ctags is a must-have if you often deal with large projects. Strictly speaking it is not a Vim plugin, in fact you can use it with Emacs or gedit. But since Vim is the best editor in the world, you should use it with Vim ;)

For the definition of ctags, let me quote the definition from the official website:

Ctags generates an index (or tag) file of language objects found in source files that allows these items to be quickly and easily located by a text editor or other utility. A tag signifies a language object for which an index entry is available (or, alternatively, the index entry created for that object).

These tags will be generated into a file called tags (by default). When you search for the definition of a variable / the invocations of a function, Vim will read this tags file and point you to the place(s) you should look at. That’s why it is especially useful for large projects – you’ll need to figure out what variables / functions actually do from time to time.

To start using ctags, download the source package from the official website. cd to the directory of your source package and run the following script:

make install

If you are working on a server, you may want to substitute the first line with:

./configure --prefix=/path/to/a/local/directory

so that you don’t have to fiddle with the sudo previlege.

After installation, check your version with ctags --version. If you see something start with Exuberant Ctags, you are fine. If not, you probably have some older version ctags and you are still running that older version. So you may probably need to remove the older version before install again, or overwrite your PATH variable to overwrite the path to your older version.

To generate tags file, most often you’ll cd to your codebase and run:

ctags -R .

The -R option tells ctags that you want to search recursively into the sub-directories of your codebase.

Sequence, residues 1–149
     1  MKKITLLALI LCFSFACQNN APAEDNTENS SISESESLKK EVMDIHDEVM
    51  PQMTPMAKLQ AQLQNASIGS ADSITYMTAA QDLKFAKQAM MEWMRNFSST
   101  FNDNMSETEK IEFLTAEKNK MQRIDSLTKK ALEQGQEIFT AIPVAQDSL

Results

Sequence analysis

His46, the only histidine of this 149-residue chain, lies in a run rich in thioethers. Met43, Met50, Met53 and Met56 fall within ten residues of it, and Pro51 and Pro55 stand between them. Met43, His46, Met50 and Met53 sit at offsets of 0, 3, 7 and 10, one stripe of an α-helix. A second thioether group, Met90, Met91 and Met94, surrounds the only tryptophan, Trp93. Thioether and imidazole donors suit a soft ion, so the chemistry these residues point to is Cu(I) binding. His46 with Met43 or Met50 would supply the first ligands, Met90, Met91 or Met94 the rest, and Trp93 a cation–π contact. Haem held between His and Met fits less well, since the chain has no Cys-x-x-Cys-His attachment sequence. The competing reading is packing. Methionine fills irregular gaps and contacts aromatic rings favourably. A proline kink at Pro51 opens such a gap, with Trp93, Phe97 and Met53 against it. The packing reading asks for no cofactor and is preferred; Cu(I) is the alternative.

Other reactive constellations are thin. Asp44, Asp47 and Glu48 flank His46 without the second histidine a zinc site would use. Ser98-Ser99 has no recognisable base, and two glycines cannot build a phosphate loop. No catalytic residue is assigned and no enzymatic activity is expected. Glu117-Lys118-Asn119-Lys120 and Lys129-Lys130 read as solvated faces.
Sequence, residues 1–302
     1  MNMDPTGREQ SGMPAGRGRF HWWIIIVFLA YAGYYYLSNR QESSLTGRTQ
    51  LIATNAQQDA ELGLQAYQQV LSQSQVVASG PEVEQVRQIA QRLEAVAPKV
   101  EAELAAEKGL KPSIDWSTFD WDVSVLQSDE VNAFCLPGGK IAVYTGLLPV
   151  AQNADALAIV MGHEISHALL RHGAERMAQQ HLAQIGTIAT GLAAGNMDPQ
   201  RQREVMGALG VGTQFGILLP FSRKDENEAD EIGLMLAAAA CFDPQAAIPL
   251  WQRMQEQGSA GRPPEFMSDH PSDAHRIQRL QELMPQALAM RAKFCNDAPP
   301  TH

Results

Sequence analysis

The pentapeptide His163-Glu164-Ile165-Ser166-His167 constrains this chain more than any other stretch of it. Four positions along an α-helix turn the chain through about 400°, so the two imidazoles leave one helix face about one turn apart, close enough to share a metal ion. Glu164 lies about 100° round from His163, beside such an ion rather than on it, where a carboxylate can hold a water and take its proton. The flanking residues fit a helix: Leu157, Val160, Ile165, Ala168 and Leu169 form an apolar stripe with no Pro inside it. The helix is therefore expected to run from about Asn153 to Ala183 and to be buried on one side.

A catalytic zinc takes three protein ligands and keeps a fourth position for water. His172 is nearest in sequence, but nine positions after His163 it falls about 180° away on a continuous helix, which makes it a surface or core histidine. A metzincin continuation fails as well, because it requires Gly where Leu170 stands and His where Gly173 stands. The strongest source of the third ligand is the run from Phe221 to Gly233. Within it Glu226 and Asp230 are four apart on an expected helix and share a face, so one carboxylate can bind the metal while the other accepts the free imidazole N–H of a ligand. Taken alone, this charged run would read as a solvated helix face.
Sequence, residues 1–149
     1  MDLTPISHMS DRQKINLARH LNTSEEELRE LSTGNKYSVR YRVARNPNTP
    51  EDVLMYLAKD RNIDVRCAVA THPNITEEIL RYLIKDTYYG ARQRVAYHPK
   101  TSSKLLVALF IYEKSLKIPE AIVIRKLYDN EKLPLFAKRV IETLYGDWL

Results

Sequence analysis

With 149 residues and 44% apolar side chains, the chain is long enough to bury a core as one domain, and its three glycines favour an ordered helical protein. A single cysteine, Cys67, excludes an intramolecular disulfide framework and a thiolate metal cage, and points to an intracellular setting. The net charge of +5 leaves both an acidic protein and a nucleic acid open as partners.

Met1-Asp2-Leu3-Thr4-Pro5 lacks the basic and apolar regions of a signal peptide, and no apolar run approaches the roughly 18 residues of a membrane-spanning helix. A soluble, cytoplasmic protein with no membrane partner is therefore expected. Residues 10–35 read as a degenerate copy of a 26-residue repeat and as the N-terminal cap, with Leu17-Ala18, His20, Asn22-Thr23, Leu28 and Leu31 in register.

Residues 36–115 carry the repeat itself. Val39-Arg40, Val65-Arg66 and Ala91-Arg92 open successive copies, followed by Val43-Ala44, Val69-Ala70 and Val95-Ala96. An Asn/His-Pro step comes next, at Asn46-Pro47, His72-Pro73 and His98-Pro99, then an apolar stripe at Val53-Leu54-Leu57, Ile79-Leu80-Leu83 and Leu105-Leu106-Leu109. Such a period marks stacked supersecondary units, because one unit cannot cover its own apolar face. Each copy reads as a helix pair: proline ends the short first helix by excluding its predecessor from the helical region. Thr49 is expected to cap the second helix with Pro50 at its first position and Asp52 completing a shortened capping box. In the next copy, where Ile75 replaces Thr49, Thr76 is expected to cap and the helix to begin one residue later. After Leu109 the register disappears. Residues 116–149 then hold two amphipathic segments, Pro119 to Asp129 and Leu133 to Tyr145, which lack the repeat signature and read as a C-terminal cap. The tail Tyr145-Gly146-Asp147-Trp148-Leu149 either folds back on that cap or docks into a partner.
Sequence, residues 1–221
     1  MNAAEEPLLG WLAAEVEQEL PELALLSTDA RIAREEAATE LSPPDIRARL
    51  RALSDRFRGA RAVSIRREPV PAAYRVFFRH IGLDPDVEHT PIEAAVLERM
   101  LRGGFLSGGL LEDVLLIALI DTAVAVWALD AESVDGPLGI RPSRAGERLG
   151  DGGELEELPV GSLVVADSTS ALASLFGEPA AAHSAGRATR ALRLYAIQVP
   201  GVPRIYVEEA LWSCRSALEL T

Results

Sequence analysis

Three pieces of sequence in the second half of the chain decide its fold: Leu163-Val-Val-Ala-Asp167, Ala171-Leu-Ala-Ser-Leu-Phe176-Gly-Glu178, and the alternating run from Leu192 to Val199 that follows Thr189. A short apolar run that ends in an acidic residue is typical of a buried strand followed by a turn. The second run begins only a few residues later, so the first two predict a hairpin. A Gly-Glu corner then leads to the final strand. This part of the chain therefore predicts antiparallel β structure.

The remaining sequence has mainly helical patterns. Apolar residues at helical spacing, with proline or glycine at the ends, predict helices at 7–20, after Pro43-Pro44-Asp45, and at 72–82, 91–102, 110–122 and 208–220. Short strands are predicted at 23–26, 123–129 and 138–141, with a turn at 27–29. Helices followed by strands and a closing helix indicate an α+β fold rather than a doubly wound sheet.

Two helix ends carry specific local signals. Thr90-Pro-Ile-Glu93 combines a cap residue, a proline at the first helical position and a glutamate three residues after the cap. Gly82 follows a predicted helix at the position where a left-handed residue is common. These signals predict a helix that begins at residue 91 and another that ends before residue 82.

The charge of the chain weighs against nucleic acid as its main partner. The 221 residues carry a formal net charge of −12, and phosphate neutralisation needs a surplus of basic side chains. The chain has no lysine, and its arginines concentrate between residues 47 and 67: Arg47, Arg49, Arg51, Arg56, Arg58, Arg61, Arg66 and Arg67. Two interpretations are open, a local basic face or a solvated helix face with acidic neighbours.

Now you have the tag file for your codebase, you can start to code in Vim. To search for a tag, move your cursor to a function / a class / a variable name and type ctrl + ], and you’ll be tranferred to the first tag in the list. If it is not desired, type g + ctrl + ] instead to see the whole tag list. To return from the transferred postion, type ctrl + t.


If you set up the environment (Xcode Command Line Tools) correctly, you should have both clang and gcc. I personally slightly prefer gcc for more complete language support, more optimization options and better compatibility for some projects. But I’ve also heard that clang might generate more detailed error messages. It’s up to you which to choose.

Note that if you use YouCompleteMe, you must have clang ready on your machine, since it has a clang-based engine.


Save yourself the endless trouble and use lldb instead of gdb. lldb defaults to the OS X environment and is very similar to gdb except some differences in commands. In case you are wondering, here is a very useful chart to show these differences. You can also use this chart as a cheat sheet for common operations.

To start debugging an executable, type lldb /path/to/executable to your terminal to start the debugger. Setup the breakpoints and other stuff and type run to actually start the program. You can add any argument you want to pass to the program after the run command.

Two more tips with the debugger in case you are new to command line workflow: remember to compile your program with -g option to enable variable inspection; the command to exit lldb or gdb is quit ;)

I understand that this tutorial is error-prone and by no means complete. If you have any suggestions on how to make this tutorial more practical, leave a note in the comments and we can discuss!